Chris said...

Yes there is :)

You need to go into you panel families, go to family category & parameters in settings and tick "shared".

This enables them to be scheduled. Then in your project just create a schedule for whatever category you've set your door panel and filter out irrelevant stuff as needed.


Anonymous said...

also meant to say congrats on the wedding, i'm doing the same in 8 days!

however, my door panels won't allow me to link their labels to the shared parameter labels in my door family. my door frame works perfectly, but i can't get the door panels to play nicely.

I have them brought in as components, they can be placed, but that's about it. Any idea on what i'm doing wrong, been running in circles on this one today.

Many thanks for the pointer of making them shared.

Unknown said...

Would need to look at the files mate. Very difficult to diagnose on that...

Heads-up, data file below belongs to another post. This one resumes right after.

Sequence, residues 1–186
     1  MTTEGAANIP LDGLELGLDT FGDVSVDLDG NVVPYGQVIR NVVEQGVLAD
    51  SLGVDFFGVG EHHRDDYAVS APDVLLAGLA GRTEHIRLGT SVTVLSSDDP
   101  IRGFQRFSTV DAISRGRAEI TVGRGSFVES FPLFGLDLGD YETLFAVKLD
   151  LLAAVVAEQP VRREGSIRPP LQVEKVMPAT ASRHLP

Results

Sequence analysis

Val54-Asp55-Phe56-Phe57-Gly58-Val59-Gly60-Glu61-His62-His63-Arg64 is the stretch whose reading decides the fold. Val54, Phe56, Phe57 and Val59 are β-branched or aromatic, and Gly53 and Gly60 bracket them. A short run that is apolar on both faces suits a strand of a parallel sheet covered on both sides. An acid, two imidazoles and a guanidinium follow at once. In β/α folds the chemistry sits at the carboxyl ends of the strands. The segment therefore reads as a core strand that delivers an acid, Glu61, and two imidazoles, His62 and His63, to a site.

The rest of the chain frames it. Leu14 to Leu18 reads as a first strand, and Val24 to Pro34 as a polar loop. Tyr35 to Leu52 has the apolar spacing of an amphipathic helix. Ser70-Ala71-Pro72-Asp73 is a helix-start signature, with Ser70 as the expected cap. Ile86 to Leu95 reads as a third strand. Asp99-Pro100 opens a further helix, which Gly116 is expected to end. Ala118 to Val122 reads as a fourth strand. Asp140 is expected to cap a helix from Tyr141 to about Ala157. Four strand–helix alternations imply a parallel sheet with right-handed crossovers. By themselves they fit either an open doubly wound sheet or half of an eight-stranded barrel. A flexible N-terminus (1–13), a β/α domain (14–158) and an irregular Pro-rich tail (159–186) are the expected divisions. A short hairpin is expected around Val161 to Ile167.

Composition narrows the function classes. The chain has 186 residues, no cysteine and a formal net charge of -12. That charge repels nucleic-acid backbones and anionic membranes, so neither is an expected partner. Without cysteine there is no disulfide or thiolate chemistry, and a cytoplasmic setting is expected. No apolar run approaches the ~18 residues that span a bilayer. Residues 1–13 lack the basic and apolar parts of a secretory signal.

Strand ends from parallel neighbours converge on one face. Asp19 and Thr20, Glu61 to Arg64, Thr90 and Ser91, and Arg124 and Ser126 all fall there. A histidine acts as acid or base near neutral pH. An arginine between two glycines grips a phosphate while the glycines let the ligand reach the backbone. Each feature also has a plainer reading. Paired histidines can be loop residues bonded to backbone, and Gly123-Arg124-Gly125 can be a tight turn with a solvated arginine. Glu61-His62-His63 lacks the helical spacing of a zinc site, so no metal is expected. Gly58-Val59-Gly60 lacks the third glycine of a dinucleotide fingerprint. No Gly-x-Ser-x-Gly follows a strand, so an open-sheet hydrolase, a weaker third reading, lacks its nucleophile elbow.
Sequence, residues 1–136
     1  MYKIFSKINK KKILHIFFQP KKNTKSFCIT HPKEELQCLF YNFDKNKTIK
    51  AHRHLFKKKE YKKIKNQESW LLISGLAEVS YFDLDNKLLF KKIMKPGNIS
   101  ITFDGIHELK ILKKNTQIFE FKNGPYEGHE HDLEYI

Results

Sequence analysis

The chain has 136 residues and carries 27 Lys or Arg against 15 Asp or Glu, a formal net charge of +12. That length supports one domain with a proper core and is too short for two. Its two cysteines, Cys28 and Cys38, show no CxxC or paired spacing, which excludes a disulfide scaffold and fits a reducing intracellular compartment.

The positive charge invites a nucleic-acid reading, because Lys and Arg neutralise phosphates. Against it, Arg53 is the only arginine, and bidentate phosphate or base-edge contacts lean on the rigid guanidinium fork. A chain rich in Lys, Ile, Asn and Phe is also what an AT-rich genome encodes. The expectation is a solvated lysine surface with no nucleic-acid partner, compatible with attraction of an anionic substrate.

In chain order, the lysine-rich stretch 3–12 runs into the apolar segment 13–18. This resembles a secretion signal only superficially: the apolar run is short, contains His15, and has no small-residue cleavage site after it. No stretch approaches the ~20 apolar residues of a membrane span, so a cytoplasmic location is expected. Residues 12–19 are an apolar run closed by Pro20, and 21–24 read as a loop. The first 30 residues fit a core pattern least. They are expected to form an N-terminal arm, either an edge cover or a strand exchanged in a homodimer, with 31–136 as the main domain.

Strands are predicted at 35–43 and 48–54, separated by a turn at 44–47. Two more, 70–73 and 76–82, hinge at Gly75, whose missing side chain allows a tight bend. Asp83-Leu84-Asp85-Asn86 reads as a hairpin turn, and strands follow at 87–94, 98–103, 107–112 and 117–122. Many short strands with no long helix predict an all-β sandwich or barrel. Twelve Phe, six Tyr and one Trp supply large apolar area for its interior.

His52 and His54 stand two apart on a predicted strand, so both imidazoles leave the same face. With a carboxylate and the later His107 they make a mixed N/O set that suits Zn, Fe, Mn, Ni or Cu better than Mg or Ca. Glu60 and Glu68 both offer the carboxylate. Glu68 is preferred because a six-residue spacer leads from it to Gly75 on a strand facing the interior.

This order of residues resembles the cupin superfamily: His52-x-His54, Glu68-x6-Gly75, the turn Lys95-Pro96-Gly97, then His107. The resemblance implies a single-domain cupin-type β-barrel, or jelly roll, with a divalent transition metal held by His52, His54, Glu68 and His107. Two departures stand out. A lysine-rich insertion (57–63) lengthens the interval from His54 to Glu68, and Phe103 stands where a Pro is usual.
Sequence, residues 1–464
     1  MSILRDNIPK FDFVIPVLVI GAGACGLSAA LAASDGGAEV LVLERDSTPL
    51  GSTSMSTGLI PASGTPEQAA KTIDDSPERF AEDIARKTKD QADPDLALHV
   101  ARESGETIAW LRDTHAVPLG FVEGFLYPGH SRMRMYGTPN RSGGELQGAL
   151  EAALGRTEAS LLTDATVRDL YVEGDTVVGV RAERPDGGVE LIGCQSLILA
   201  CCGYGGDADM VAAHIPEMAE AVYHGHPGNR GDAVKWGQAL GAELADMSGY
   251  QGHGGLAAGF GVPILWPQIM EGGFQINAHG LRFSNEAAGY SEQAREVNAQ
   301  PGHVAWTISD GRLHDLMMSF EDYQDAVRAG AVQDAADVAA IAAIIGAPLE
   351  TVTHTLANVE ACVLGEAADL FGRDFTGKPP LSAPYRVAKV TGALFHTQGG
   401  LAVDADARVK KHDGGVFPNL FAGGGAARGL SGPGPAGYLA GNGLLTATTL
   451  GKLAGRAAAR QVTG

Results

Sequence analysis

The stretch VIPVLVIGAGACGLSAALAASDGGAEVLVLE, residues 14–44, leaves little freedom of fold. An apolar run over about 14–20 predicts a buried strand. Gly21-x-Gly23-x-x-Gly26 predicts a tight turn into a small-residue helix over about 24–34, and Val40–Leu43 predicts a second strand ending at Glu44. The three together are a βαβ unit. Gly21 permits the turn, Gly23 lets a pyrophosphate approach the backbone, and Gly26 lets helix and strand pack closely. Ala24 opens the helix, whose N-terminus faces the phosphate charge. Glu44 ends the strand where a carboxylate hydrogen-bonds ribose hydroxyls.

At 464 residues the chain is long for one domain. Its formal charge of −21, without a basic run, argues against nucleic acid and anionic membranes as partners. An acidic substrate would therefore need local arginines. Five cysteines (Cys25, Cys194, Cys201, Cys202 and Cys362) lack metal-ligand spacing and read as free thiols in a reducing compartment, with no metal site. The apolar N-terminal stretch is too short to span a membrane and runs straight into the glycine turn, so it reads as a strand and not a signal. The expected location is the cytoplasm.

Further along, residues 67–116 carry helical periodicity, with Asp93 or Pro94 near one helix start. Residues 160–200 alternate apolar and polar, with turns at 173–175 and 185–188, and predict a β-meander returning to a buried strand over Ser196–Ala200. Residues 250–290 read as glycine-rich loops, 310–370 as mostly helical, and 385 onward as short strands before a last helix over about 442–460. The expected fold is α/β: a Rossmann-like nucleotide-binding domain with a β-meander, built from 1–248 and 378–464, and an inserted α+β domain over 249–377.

Could be an origin location issue, what errors are you getting?

Anonymous said...

i don't get any error, though it's when i tick the "shared" parameter as suggested that i can no longer link my labels of that panel to my shared parameters.

i have a feeling i might be missing a step somewhere when making my panels...

thanks for the help.

Unknown said...

Setup your nested subcomponent parameters as instance parameters in that family.

You can't have type parameters linked when the subcomponent is set to be shared...

They can be type parameters in the host family though.

So basically you are linking instance parameters to a type parameter in the host.


Anonymous said...


Once you place a door with multiple types into your project as you have outlined are you then controlling which panel is being used in each door location as an instance parameter and changing it per door?

Great post, and thanks in advance for your feedback.